Tuesday, June 26, 2012

Lecherous, lewd, libidinous: An analysis of Fifty Shades of Grey

The first thing you should know is that I did enjoy this book. I’m a proponent of the idea that enjoyment of a literary or cultural product ≠ the product’s quality. Fifty Shades of Grey reads like it was written; I was rarely unaware of the fact that I was reading a novel. It did not disguise its own artifice and constructedness. Nevertheless, it engrossed me and I wanted to keep reading it, no matter how many times my “inner goddess” said “WTF?”

It is a greatly titillating novel. One of those books you feel naughty reading in the company of others. Like the time I read some of Fanny Hill with my family in the room and felt really embarrassed. E-readers are excellent for improved subject secrecy. Is Fifty Shades “porn?” Yes. By the definition of that it “must have the power to be or be intended to act as an aphrodisiac – that is, to excite sexual passions or desires” it is most certainly pornographic (H. Montgomery Hyde, A History of Pornography).

I finished Fifty Shades of Grey by E L James a few weeks ago and have been stewing ever since. I wanted to let my reactions simmer for a while before attempting to articulate my feelings. This post is only responding to the first book, as I haven’t yet read the next two. I like to know what people are talking about when it comes to new, exceedingly popular books (and book series). I decided to read Fifty Shades very quickly after first hearing the hype, before learning too much about the premise and getting reactions. All I knew about the novel was very basic: my mom had asked me, for instance, “have you heard about this book? The one all about sex?”

All about sex certainly doesn’t cover it, though.

First of all, I wish I had read the book without looking up the gender of the author. More on this later.

Fifty Shades of Grey is to popular conceptions of Bondage Discipline Sadism Masochism (BDSM) practices what Moby-Dick is to whaling. Not a helpful analogy for some of my friends? Fifty Shades basically feels like a dictionary/ textbook of BDSM practices. You still don’t necessary understand the principles, but you’ve learned a lot of jargon. One wonders about the inspiration, and if James gleaned this information from her personal life or from Wikipedia.

The basic premise is about a young, soon-to-be college graduate (of English literature – more on this later) in Washington state named Anastasia (Ana) Steele who, although inexperienced, virginal, generally clumsy and obtuse (or maybe…because?) attracts the attention of a (*deluge of adjectives ahead*) fabulously wealthy, successful, handsome, sexy, well-dressed, intelligent, controlling, confusing, brooding, CEO named Christian Grey. He pursues her, not to be his girlfriend, or even sex friend, but the submissive (sub) to his dominant (dom) in a BDSM relationship.

As Christian is wealthy and famous, he wants Ana to sign a non-disclosure agreement as well as a contract about their agreed upon activities and “arrangement.” The latter isn’t so much having to do with privacy, but because the dom-sub relationship relies upon previously established limits including everything from what kinds of bondage equipment can be used and how, to what kinds of pain punishment, to who can put what where, etc. A large portion of the novel involves negotiation and discussion about limits and recapitulation of the details of the contract...over and over again.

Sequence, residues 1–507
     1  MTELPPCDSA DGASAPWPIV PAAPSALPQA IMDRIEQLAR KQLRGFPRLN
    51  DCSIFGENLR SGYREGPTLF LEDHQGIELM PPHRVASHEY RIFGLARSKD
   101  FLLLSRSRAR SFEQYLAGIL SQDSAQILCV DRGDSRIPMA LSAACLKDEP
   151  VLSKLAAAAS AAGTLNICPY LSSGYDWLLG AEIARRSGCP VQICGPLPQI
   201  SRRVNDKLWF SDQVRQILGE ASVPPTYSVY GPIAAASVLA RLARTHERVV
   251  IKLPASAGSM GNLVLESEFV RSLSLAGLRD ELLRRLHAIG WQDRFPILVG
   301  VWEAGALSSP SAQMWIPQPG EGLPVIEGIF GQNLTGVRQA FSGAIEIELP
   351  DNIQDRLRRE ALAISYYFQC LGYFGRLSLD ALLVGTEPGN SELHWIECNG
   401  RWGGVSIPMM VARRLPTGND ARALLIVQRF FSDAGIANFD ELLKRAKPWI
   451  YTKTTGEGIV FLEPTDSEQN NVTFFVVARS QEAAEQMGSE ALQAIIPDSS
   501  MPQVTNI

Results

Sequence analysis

This arrangement isn’t just about getting to whip or spank or bind a submissive sexual partner – it’s about not having to discuss it in the moment. That would break the illusion and compromise the integrity of the arrangement. Who wants to be in the “playroom” and have to ask “can I do this?” There is no asking once the…performance of roles begins.

As a feminist, generally and literarily, I had many automatic reactions to the power dynamic developed in the novel. And very little of these reactions had to do with any prejudice against BDSM sexual practices (because I have none) or the woman playing the submissive sexual role. It’s how the dom-sub roles prevail into every aspect of these characters’ non-sexual lives (if you can even separate them) and how Ana is completely, utterly, enthralled by Christian to the point of witlessness. He tries to control every aspect of her life and often succeeds.

Fifty Shades of Grey is hyperbolic to the point of irritant. This isn’t a sort-of well-to-do young man who is a control freak in every aspect of his life and so, thus, in the bedroom as well – Christian flies helicopters and private jets and buys Ana a laptop, smart phone, and car as part of his control over all aspects of her life and well-being (and his accessibility to her).

Side note: While it’s perfectly plausible that a university student in 2011 can not have a cell phone, and maybe, maybe not even own a laptop (she apparently uses her roommate’s and goes to the library), Ana doesn’t even have an e-mail address before Christian sets one up for her. And this girl wants to go into the publishing industry straight from her four-year undergraduate degree in English – and gets an internship, despite how bumbling, inarticulate, and mediocre we’ve already learned she is. The only evidence we have that Ana has benefited from her literature education is that she knows about Tess of the D’Urbervilles. ANYWAY.

I’ve never been so irritated by a first-person character narrator. James’s writing consists of finding a gimmick and overusing it to the point that it becomes tired and infuriating. Ana’s “inner goddess” descriptions may be the most frustrating narratological creation of all time. We can only assume “inner goddess” is code for “shred of dignity.”